catman529(6b)March 23, 2009

I know of a kudzu patch where I could take a couple small cuttings from.

I know that sounds crazy to anyone who knows how kudzu grows in the Southeast.

I've heard that it makes great compost, and is also very nutritional. I'd like to have a supply of it, knowing it's not been sprayed with pesticides. But obviously I can't just plant it in the garden or our entire house will become a green jungle within a couple years.

I'll say it a again- I know it sounds crazy. But does anyone know of a controlled way to grow kudzu for frequent foliar harvesting (and pruning to keep it from getting too long)? Only thing I can think of is a container, and I would have to keep the drain holes away from the ground and trim the vines very frequently to keep them from spreading and rooting in the ground.

Thank you for reporting this comment. Undo
jimster(z7a MA)

I think crops of cowpeas and/or fava beans would be safer for your purpose, maybe grown in rotation according to season because the cowpeas need heat and the favas need cold. I would buy dried peas and beans by the pound bag from the grocery store for seed. If not quite so productive as kudzu, this is still a pretty effective way of producing green manure.

I would be afraid the chopped kudzu vines would take root in your compost, your garden and anywhere they landed.


    Bookmark   March 23, 2009 at 12:44PM
Thank you for reporting this comment. Undo

Kudzu is a rampant grower, but it is very easy to control in a cultivated area. you can cut it back, mow it, dig it up. It only grows wild when you leave it alone. That why you see it strangling trees alonside roads and fence rows. You will not see it in a pasture or farmed field. It is not a good green manure crop, and there are lots of greens more palatable. It is edible, but you can't pay most folks to eat it.

    Bookmark   March 23, 2009 at 3:47PM
Thank you for reporting this comment. Undo

How is the taste compared to a dandelion? Because dandelion is the most bitter thing I have tasted (and it was after blooming to make it worse). On top of that, I generally don't like eating greens anyway. Except for a few herbs, I usually don't eat fresh greens.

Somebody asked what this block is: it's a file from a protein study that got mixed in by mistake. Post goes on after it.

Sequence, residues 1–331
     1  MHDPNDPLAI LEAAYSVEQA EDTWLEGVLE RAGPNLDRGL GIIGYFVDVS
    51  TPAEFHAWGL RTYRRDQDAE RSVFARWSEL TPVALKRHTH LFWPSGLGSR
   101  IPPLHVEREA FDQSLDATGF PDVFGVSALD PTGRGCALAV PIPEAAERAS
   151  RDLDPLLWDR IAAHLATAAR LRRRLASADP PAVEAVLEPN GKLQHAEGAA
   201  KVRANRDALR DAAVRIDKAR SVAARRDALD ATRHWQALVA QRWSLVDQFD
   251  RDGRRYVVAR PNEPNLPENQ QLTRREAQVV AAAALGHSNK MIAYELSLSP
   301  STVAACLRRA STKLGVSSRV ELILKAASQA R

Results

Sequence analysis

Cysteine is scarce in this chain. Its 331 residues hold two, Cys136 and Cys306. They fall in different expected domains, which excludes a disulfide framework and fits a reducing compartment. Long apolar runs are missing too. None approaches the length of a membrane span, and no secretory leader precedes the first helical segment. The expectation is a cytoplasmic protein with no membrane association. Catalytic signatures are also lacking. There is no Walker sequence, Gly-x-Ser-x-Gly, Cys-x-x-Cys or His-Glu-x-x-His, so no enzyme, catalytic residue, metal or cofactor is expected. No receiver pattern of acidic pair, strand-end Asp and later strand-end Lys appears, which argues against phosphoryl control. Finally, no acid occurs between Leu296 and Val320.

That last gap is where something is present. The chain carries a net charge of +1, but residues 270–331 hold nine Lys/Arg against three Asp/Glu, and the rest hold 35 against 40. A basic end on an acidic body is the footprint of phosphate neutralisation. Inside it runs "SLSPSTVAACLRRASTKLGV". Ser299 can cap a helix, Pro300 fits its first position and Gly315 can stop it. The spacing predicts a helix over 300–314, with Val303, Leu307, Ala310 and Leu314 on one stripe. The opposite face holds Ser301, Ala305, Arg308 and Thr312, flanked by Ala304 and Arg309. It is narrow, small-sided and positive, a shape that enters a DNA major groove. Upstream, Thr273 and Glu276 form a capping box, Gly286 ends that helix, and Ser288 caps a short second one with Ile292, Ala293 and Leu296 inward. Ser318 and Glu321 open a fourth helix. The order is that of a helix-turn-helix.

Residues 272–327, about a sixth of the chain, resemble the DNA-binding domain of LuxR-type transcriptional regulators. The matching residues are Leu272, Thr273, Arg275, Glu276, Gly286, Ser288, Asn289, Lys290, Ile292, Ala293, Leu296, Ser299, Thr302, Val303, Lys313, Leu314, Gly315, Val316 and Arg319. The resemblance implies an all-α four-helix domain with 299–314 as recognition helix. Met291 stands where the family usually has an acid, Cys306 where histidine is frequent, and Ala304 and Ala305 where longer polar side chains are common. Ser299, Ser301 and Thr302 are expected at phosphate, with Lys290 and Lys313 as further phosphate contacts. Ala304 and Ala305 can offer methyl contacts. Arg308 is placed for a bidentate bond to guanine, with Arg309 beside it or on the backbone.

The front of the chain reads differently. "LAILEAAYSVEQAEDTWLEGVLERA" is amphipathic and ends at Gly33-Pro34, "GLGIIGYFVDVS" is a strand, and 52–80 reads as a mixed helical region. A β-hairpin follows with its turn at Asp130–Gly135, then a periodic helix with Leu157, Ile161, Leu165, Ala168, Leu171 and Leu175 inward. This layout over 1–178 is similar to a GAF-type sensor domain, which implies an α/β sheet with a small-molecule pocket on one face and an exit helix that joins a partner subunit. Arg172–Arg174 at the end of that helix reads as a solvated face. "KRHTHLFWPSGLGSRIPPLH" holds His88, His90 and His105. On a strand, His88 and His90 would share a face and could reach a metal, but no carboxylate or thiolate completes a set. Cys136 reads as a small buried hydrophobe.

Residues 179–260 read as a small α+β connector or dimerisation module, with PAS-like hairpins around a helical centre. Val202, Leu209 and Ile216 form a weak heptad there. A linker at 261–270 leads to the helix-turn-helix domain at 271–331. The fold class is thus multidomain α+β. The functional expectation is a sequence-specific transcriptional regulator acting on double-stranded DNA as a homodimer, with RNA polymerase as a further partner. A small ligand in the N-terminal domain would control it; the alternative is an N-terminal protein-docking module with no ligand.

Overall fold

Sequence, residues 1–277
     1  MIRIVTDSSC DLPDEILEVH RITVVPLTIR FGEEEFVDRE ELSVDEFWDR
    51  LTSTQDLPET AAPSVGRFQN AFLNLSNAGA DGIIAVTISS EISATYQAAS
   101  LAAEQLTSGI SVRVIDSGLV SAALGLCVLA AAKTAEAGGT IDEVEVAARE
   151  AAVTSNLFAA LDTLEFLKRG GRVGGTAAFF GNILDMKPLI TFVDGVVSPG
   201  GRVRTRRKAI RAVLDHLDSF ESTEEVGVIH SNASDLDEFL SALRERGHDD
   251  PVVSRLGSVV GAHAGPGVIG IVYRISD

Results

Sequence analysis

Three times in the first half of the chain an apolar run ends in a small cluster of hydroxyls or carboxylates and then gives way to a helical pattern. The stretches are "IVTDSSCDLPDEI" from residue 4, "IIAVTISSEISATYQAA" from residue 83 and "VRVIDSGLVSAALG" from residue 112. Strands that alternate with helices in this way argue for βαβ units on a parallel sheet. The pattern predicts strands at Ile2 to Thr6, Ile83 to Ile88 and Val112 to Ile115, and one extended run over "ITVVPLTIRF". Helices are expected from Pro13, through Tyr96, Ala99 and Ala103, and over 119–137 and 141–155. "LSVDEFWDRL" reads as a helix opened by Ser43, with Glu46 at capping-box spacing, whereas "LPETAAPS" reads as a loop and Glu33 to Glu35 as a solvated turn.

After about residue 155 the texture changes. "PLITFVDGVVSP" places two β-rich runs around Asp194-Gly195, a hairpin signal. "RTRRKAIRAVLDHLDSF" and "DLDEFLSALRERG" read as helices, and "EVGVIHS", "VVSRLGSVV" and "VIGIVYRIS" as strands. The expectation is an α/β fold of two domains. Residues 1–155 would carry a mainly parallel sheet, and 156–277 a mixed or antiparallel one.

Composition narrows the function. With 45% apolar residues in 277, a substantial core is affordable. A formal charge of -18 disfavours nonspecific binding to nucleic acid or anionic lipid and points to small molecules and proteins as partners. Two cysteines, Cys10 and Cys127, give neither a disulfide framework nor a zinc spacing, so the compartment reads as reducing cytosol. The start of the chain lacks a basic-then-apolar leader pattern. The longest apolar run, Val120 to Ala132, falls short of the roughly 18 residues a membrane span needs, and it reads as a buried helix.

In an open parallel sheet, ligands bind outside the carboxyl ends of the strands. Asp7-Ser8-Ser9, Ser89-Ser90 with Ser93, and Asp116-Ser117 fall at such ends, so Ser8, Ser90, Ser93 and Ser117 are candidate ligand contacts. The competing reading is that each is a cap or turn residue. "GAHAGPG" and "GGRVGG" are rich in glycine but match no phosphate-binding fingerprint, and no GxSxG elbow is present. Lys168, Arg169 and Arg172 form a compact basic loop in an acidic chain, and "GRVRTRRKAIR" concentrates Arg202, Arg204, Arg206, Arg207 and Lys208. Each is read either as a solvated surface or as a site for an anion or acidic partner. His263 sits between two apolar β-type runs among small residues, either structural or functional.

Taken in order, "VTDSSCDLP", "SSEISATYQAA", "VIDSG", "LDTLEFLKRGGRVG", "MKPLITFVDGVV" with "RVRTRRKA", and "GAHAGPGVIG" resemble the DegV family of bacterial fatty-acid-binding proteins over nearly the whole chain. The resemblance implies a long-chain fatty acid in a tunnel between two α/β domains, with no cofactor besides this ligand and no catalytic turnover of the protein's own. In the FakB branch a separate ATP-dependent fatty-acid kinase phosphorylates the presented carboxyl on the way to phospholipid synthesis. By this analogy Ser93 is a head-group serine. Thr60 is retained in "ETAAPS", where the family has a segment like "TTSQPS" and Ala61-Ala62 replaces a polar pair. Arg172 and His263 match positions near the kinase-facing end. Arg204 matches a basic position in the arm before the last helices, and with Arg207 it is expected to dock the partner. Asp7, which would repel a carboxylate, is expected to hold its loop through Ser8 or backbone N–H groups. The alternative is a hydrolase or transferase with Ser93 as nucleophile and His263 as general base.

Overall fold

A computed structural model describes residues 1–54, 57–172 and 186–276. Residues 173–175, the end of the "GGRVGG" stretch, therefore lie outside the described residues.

I've read from different online sources that it's good for composting. I would be careful about something taking root in my pile; I could always tear out anything that started growing.

Just out of curiosity, I might try to root a couple cuttings and keep them in small containers till they outgrow them. Then compost the foliage.

    Bookmark   March 23, 2009 at 7:06PM
Thank you for reporting this comment. Undo

The only part of the kudzu that will root is the vines themselves. The leaves won't root and can be used for a good source of green manure. I have a book that talks about using it. Cows also love it; which is why you don't find it in fields used for pasture. The deep roots of kudzu also draw up a lot of nutrients from the soil. Buuuuut you do need to be careful if you're gonna grow it.


    Bookmark   March 26, 2009 at 12:17AM
Thank you for reporting this comment. Undo
dvdgzmn(Sunset 17 SF CA)

You want to grow kudzu just to make compost? Yes, that sounds crazy. You want pesticide free? No problem. Nobody sprays insecticides on kudzu (yeah, gotta make sure the bugs don't eat the lovely kudzu), so all you need to do is harvest some 10 or 20 feet off the highway, where they might spray herbicide now and then.

If by "nutritional" you mean you want to eat some, best grow it in a pot.

    Bookmark   April 24, 2009 at 12:59AM
Thank you for reporting this comment. Undo
jimster(z7a MA)

I have to defend catman's idea. It's not crazy to look for a rampant growing plant to produce a large volume of compost. I think kudzu may not be the best choice, but catman's reasoning makes sense.


    Bookmark   April 24, 2009 at 12:33PM
Thank you for reporting this comment. Undo

Catman, you may want to find out if your state/county has a noxious weed control board that enforces the eradication of invasives. Not all of them do, but if they do, and they spot it on your property, they will ask you (nicely)to remove it. They can, depending on local regulations, fine you if you don't remove it within a certain time period. They're not just trying to tell you what to do on your own property, but some plants are so bad that there are(long standing)state/county programs for eradication in progress that the public is not aware of.
I'm not criticizing you at all for wanting to grow kudzu, and there are quite a few invasives I'd be tempted to grow, but having worked for a weed board in the past, guilt takes over and I don't do it. I do, however, resist pulling any up that I see growing if I particularly like it and it's not being enforced(cringing with guilt).

    Bookmark   April 26, 2009 at 1:13PM
Thank you for reporting this comment. Undo

If I was going to grow it, I would think a large pot with drain holes inside a larger metal pot sitting off the ground would do it.

    Bookmark   April 26, 2009 at 10:06PM
Thank you for reporting this comment. Undo

I am planing on growing velvet beans and iron clay peas to make compost and also to use as a green manure. A field of velvet beans looks a lot like kudzu

    Bookmark   April 27, 2009 at 9:27PM
Sign Up to comment
More Discussions
2015 Growing season
I've just been going through my stash making a list...
aftermidnight Zone7b B.C. Canada
Catjang/Brow Bean
I saw an interesting Vigna offered on eBay the other...
nightbloomincereus 7A noVA
if you don't like getting emails every time someone replies...
Click on "Your Houzz", Edit Profile, Advanced...
Margaret Best Greasy Cut Short
These took 66 days to the first picking. I planted...
where to find Hilda/Helda romano pole beans?
Two yeas ago health problems interfered with getting...
© 2015 Houzz Inc. Houzz® The new way to design your home™